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  • 1.
    Fält, Lena
    Stockholm University, Faculty of Social Sciences, Department of Human Geography.
    From Shacks to Skyscrapers: Multiple Spatial Rationalities and Urban Transformation in Accra, Ghana2016In: Urban Forum, ISSN 1015-3802, E-ISSN 1874-6330, Vol. 27, no 4, p. 465-486Article in journal (Refereed)
    Abstract [en]

    Recent studies indicate that market-driven logics increasingly inform the governing of African cities. This paper explores this claim by analysing the spatial rationalities at work in the struggle over urban space in Accra, Ghana. Based on an in-depth case study of a state-led displacement of a marginalised informal settlement in central Accra that took place in September 2014, the paper demonstrates that the on-going urban transformation of this city must be understood as an outcome of multiple spatial rationalities rooted in the local urban history but also influenced by globally circulating urban ideals. While a market-driven rationality is clearly present in the state’s justification of the eviction, also ‘generative’ and ‘dispositional’ rationalities are used to legitimise this urban intervention. The paper further illustrates the conflicting rationalities between the state and the urban poor, emphasising how the former residents of the displaced settlement perceive of their former home as a place of opportunities in terms of livelihood strategies, sociability and affordable housing in contrast to the state’s problematisation of the area.

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  • 2.
    Jennische, Ulrik
    Stockholm University, Faculty of Social Sciences, Department of Social Anthropology.
    Traders, Drivers and the National Health Insurance Scheme in Small Town Ghana2012In: Urban Forum, ISSN 1015-3802, E-ISSN 1874-6330, Vol. 23, no 4, p. 467-481Article in journal (Refereed)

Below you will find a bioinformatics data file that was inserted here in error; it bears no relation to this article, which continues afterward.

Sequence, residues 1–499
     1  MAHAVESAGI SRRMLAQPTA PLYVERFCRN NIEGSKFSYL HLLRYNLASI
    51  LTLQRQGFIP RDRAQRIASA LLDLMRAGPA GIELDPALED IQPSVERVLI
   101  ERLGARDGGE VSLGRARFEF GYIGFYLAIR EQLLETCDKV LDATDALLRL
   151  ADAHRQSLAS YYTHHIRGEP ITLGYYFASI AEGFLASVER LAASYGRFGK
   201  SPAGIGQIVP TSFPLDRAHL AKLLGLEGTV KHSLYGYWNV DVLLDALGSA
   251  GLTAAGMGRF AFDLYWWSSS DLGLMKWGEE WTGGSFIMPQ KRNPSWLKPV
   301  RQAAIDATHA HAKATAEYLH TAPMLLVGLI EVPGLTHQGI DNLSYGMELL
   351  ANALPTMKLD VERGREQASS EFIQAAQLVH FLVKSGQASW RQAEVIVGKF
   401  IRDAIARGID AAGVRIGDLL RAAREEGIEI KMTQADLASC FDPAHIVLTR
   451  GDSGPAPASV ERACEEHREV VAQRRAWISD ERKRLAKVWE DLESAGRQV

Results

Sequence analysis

Abstract [en]

    Based on anthropological fieldwork in the central market and taxi station of Koforidua, Ghana, this paper aims to improve our understanding of the social dynamics in the informal economy of a Ghanaian small town in relation to state policies. It strives to describe the way processes of formalization and informalization may coexist and interact during the implementation of the recent National Health Insurance Scheme (NHIS). The ethnographic approach helps us to better understand how attitudes on NHIS are formed and the way information and values are disseminated.

    Closely examining the social infrastructure of this setting contributes further to this understanding. In the marketplace, it is important to develop networks of personal relations with fellow traders, customers, and suppliers. At the taxi station, on the other hand, the most important strategy is to join the powerful local union. These strategies are ways for actors to gain security and protection against economic vulnerability in a competitive liberalized economy. In this regard, the NHIS has also provided opportunities for actors. While the NHIS is a way for the state to increase control over the informal economy, and gradually formalizing it, it simultaneously indirectly reinforces and confirms the existing informal strategies of networking.

  • 3.
    Lindell, Ilda
    et al.
    Stockholm University, Faculty of Social Sciences, Department of Human Geography.
    Utas, Mats
    Networked City Life in Africa: Introduction2012In: Urban Forum, ISSN 1015-3802, E-ISSN 1874-6330, Vol. 23, no 4, p. 409-414Article in journal (Refereed)
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